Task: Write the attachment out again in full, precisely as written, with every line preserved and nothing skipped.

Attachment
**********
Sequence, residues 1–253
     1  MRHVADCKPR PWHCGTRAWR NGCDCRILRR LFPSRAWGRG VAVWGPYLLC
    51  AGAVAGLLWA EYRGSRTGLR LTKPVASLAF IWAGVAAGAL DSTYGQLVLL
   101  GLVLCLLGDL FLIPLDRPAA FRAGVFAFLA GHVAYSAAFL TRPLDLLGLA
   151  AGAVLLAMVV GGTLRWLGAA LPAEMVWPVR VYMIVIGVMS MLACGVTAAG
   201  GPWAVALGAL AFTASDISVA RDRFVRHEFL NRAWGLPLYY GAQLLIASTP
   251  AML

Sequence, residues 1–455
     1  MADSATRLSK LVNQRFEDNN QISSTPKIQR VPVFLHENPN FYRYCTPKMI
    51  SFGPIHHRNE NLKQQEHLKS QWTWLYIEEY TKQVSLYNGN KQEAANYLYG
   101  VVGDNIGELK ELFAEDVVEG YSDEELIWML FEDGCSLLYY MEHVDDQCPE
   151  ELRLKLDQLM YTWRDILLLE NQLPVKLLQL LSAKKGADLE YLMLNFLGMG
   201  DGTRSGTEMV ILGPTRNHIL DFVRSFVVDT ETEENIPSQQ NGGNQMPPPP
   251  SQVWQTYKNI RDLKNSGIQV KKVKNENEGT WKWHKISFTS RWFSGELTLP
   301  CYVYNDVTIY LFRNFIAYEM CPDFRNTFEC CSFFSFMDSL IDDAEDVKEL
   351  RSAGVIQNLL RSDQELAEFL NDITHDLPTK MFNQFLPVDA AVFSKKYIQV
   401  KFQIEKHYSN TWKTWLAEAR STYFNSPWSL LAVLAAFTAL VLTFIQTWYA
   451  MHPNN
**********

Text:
Sequence, residues 1–253
     1  MRHVADCKPR PWHCGTRAWR NGCDCRILRR LFPSRAWGRG VAVWGPYLLC
    51  AGAVAGLLWA EYRGSRTGLR LTKPVASLAF IWAGVAAGAL DSTYGQLVLL
   101  GLVLCLLGDL FLIPLDRPAA FRAGVFAFLA GHVAYSAAFL TRPLDLLGLA
   151  AGAVLLAMVV GGTLRWLGAA LPAEMVWPVR VYMIVIGVMS MLACGVTAAG
   201  GPWAVALGAL AFTASDISVA RDRFVRHEFL NRAWGLPLYY GAQLLIASTP
   251  AML

Sequence, residues 1–455
     1  MADSATRLSK LVNQRFEDNN QISSTPKIQR VPVFLHENPN FYRYCTPKMI
    51  SFGPIHHRNE NLKQQEHLKS QWTWLYIEEY TKQVSLYNGN KQEAANYLYG
   101  VVGDNIGELK ELFAEDVVEG YSDEELIWML FEDGCSLLYY MEHVDDQCPE
   151  ELRLKLDQLM YTWRDILLLE NQLPVKLLQL LSAKKGADLE YLMLNFLGMG
   201  DGTRSGTEMV ILGPTRNHIL DFVRSFVVDT ETEENIPSQQ NGGNQMPPPP
   251  SQVWQTYKNI RDLKNSGIQV KKVKNENEGT WKWHKISFTS RWFSGELTLP
   301  CYVYNDVTIY LFRNFIAYEM CPDFRNTFEC CSFFSFMDSL IDDAEDVKEL
   351  RSAGVIQNLL RSDQELAEFL NDITHDLPTK MFNQFLPVDA AVFSKKYIQV
   401  KFQIEKHYSN TWKTWLAEAR STYFNSPWSL LAVLAAFTAL VLTFIQTWYA
   451  MHPNN